By Holly Palmer
When my headteacher told me I was moving to Year One after a few years of teaching Year Four and Five I was initially incredibly excited…but one thing filled me with dread. Phonics. As we had a thorough scheme of work for spelling to follow in Key Stage Two, where I taught the more able group, it had been a good few years since I had to prove to my University Tutor that I understood how to teach and assess phonics effectively. Fast forward almost two years into our Monster Phonics journey and nothing could now be further from the truth. It is without a doubt (and I have permission to vouch on behalf of my colleagues too) the highlight of the teaching timetable in Early Years and Key Stage One. After a wonderfully improved phonics screening result at the end of our first year of using the scheme, we decided after some consideration that we wanted to make sure we were giving an equal amount of emphasis towards using the programme just as effectively for writing and spelling throughout EYFS and KS1.
We decided in the end that our children would have work books in which they would record their Monster Phonics journey. These are simply half lined exercise books entitled ‘My Monster Phonics Learning.’ From day one of distributing them to the next Year One cohort, the children took complete ownership of their books and they have swiftly become their favourites (and ours too since SLT agreed they don’t have to be marked in depth – result!) They are simply a record of each child’s journey through learning to spell and they look beautiful! This is largely down to the Monster Phonics programme being designed to incorporate opportunities for writing which are freely adaptable to be as creative as you can make them. Safe to say order forms for crayons, pens, pencils, paints and markers in an array of Monster colours were quickly piled into the office. The books contain all sorts of examples of children’s learning. This includes their own freehand writing of activities included in the programme such as writing Newspaper reports about a fight Yellow I had or a magic recipe for one of Tricky Witch’s spells. Some pages are filled with photographs of the children engaged in practical phonics activities around the classroom or outside. Within the programme there are, in addition to these suggested practical and child led activities, some revision type worksheets and word searches which are also stored in the children’s workbooks. Each page is headed with a sticker or quick handwritten reference to the grapheme, monster and colour or spelling rule being explored in that activity.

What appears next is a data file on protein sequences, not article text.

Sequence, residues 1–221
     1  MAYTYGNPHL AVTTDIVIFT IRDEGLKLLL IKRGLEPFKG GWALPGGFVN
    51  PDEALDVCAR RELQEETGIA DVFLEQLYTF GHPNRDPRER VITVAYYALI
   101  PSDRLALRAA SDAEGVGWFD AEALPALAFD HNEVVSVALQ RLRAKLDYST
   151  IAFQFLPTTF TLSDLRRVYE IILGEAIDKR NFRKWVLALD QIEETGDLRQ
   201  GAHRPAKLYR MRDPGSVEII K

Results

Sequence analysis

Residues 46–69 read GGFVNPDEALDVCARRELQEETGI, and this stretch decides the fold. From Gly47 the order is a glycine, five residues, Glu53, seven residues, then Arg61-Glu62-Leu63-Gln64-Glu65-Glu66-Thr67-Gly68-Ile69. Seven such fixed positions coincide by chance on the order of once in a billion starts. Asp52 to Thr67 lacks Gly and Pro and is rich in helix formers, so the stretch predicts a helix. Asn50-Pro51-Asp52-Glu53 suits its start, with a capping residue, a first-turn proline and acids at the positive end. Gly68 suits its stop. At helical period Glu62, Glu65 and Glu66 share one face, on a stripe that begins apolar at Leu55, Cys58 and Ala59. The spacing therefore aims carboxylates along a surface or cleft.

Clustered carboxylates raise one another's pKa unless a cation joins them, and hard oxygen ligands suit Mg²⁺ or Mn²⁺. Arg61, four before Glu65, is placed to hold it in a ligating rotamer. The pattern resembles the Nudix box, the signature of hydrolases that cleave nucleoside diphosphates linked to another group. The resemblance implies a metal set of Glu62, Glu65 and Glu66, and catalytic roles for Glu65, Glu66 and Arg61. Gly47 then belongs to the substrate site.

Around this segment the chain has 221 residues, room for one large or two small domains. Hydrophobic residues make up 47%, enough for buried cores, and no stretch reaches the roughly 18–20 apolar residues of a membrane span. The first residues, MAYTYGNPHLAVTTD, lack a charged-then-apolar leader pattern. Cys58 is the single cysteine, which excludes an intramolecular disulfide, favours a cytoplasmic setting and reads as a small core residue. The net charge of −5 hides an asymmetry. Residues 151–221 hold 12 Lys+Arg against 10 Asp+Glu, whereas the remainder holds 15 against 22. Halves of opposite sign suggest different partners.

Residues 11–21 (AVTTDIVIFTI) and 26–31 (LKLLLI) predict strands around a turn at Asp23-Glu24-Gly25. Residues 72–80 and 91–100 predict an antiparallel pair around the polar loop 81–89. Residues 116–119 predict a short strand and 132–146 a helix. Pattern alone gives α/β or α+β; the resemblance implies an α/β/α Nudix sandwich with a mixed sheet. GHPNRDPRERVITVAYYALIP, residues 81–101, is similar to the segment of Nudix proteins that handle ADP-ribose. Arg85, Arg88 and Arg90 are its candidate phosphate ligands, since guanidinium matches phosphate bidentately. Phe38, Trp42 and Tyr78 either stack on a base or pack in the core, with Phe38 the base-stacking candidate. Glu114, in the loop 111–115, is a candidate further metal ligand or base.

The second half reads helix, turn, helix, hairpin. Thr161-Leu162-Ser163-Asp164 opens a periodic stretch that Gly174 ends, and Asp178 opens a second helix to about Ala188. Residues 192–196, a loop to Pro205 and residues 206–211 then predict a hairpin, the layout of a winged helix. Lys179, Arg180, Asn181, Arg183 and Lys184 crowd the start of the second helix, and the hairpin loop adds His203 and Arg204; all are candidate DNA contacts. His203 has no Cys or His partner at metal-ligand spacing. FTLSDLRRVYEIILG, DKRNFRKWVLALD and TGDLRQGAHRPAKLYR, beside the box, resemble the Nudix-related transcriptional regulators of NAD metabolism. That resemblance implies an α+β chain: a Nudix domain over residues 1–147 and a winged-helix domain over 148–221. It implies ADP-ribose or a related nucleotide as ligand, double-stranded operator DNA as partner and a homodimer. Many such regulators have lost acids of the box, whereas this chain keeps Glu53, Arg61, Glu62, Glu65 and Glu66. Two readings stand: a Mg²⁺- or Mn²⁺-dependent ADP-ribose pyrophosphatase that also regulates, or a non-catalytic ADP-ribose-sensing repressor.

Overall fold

Fancy metallic pens and resources aside, the programme is ultimately the key to the success of our children’s writing and spelling. Its sheer ability to engage the children so thoroughly and embed the learning so deeply in the children means that ‘My Monster Phonics Learning’ books can often be found in a role play area, library or in the outside learning environments with an enthusiastic child independently writing his or her own lyrics to Cool Blue’s Rap or inviting Miss Oh No for tea. We have seen a marked increase in children’s spelling accuracy particularly in the year group that have been exposed to Monster Phonics since their first day in Reception.
The assessment materials within the scheme provide formative and end of year assessments for spelling rules, common exception and high-frequency words. Assessments are aligned to the Year 1 phonics screen and end of KS1 teacher assessment frameworks. This has helped us to ensure our assessment of the children’s spelling knowledge, which is now additionally evidenced in plentiful supply in their workbooks, is thorough. In turn, we have managed to utilise these assessment results to help us form intervention groups and strategies using the programme as a tool to personalise learning to specific children which is again, all recorded in ‘My Monster Phonics Learning’ book.
Looking back I can’t imagine how we ever got by without Monster Phonics or more importantly, without seeing the pride etched across the children’s faces when they show off their Monster Phonics Learning books to their parents or others around the school.